From recession to she-cession: how governments can help female workers stay afloat
Women pay a steeper price than men from unemployment caused by measures to fight Covid-19
It was one of the most widely telegraphed risks at the onset of the pandemic: women, who seemed to suffer less from the Covid-19 disease, would probably pay a steeper economic price than men. The clues were hiding in plain sight. Women make up a larger share of workers in industries that ground to a halt, and they typically shoulder more of the unpaid labor at home. It would be a greater challenge for them to both keep their jobs and carry on working.
Although this “she-cession” has been very real, there is reason to be hopeful. Some countries were more successful than others in keeping women employed, shedding light on the effectiveness of policies such as making child care affordable and targeting support to hard-hit sectors. If policymakers want to hasten a Covid-19 recovery, they will need to expand some of these efforts.
According to the UN, which has been monitoring government responses to the crisis in its Covid-19 Global Gender Response Tracker, few policies specifically target women. Out of the 1,300 or so social-protection and labour-market measures adopted by about 200 countries, fewer than one in five are “gender sensitive,” in they consider women’s economic security and responsibility for unpaid care. The consequences have been clear.
Look at the EU. Notwithstanding the hundreds of billions of dollars in stimulus — equivalent to more than 10% of annual GDP in the bigger economies — employment dropped significantly in the retail, tourism and hospitality sectors, where women make up more than 60% of the workforce. Female unemployment in the bloc now stands at 8.1%, whereas for men it is 7.2%.
Even when women are able to keep their jobs, many are forced to cut back on their hours because of an increase in caregiving and schooling responsibilities. Analysis by the International Labour Organisation, which has studied monthly wages across 28 European countries, shows that even with earnings subsidies, women on average suffer a 6.9% decline in wages as a result of working fewer hours, compared with a 4.7% decline in men’s wages between the first and second quarters.
Previous crises have shown that once someone steps out of the job market, it can take years before they get back in.
The gaps are widest in some of Europe’s leading economies. In Germany, the 8.6% decline in women’s wages in the first half of this year was almost twice that for men. In the UK, women saw earnings decline by 12.9%, nearly double the drop for men.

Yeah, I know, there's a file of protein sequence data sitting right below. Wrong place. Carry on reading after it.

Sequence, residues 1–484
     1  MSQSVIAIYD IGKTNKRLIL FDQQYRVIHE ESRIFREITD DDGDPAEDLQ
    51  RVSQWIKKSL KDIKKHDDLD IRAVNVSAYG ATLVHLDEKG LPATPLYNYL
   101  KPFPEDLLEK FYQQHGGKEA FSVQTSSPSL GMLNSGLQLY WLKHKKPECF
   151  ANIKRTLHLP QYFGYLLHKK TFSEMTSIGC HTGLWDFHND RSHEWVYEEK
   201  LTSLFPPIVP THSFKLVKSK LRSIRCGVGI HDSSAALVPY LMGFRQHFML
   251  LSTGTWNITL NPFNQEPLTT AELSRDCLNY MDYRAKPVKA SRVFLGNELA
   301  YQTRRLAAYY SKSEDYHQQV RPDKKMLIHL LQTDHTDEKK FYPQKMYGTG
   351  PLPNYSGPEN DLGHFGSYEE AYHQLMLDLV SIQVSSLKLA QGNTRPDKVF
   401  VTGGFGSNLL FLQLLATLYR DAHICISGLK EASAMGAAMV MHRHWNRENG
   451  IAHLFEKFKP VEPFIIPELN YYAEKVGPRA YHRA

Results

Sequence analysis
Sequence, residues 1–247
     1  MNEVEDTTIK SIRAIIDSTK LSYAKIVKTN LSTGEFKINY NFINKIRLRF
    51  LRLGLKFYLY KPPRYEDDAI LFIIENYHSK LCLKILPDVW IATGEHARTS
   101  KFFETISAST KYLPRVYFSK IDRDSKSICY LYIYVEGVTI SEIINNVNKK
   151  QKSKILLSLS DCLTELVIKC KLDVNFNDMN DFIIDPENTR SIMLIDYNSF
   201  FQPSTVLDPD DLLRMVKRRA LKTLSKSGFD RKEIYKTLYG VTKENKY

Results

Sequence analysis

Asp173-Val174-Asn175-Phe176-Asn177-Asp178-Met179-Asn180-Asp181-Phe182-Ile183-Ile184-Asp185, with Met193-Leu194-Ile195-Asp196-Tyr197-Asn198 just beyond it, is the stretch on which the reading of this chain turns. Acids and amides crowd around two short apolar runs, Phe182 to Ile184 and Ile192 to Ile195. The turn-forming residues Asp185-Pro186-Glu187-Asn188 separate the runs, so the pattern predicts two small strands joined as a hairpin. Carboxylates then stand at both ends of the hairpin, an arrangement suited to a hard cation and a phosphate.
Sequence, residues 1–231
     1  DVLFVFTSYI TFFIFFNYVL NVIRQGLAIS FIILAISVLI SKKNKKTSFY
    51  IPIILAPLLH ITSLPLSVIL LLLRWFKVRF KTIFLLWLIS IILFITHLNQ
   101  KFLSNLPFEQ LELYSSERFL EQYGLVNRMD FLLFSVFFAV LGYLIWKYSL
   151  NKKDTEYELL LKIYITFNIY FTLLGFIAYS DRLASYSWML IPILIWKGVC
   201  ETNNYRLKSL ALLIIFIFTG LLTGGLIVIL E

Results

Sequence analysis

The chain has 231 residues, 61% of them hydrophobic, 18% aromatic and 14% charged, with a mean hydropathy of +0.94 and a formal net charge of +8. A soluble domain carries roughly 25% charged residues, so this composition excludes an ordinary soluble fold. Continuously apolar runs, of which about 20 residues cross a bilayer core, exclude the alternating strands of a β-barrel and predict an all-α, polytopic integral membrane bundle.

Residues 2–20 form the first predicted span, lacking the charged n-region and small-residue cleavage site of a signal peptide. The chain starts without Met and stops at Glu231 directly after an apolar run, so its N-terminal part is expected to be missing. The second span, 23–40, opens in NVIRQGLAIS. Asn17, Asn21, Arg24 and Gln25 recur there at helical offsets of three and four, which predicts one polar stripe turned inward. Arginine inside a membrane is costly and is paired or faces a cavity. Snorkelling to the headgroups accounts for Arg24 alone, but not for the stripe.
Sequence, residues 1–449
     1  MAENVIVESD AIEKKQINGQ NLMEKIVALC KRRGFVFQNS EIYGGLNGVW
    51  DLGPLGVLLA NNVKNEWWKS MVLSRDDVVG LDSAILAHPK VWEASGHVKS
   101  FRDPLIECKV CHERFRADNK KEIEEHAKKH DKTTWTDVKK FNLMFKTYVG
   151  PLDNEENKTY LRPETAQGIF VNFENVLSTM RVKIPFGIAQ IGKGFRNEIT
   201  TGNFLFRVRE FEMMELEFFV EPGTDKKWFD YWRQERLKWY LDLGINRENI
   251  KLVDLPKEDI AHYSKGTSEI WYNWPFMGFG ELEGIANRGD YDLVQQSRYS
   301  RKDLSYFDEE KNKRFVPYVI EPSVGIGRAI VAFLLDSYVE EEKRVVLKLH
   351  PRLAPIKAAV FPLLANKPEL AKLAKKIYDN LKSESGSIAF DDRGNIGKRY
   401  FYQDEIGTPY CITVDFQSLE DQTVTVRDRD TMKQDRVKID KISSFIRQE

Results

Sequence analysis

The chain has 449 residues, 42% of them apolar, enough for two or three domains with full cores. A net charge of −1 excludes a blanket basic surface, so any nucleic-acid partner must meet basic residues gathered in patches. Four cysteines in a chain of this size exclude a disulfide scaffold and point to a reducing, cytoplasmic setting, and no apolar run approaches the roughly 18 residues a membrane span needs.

Perhaps of greatest concern is the rate at which women have been dropping out of the labour force altogether. Several advanced economies — including the US, Canada and Japan — have seen the gap widen between active men and women in the labour force. One survey in Europe found that 4% of women who lost their jobs during the pandemic stopped looking for work, compared with just 1% of men. Previous crises have shown that once someone steps out of the job market, it can take years before they get back in.
The silver lining is that some governments have stepped up, directing support to child care and female-dominated sectors and helping women maintain paid work.
In the UK, child-care centres are exempted from paying property taxes until end-2021, and the government has granted child-care tax credits to families. Measures such as these, which have prevented centres from closing and ensured families can afford care, helped women keep their jobs, according to a study by the Peterson Institute for International Economics. Given the high price of child care for preschool children, offering subsidies is particularly useful as the pandemic hits incomes.
UK retail, hospitality and leisure businesses are also eligible for cash grants of as much as £25,000 in the northern hemisphere spring, which help companies retain staff. Financial support has been extended to help businesses weather recent lockdowns.
In Australia, where 16 of the 36 policy measures taken are gender sensitive, the government also provided free child care to about 1-million families, and when it suspended the programme in July, it attracted significant criticism. Norway doubled paid time off for taking care of small children to 20 days. The country’s gender gap in labour force participation has declined during the pandemic. Meanwhile, Canada has vowed to present a national child-care plan in the 2021 budget.
More work needs to be done. According to Simeon Djankov, a senior fellow at the Peterson Institute, governments need to finance a further expansion of child care or working mothers will continue to be forced to abandon their jobs and stay at home. This would only deepen gender inequality and slow an economic recovery. It is much harder to re-enter the labour force once you are out.
What’s more, some jobs (think high street retail) may never come back after the pandemic. So a recovery will depend on workers being able to retrain for other industries such as technology. Women especially will need the time and support to take this on. The livelihood of the next generation is at stake.
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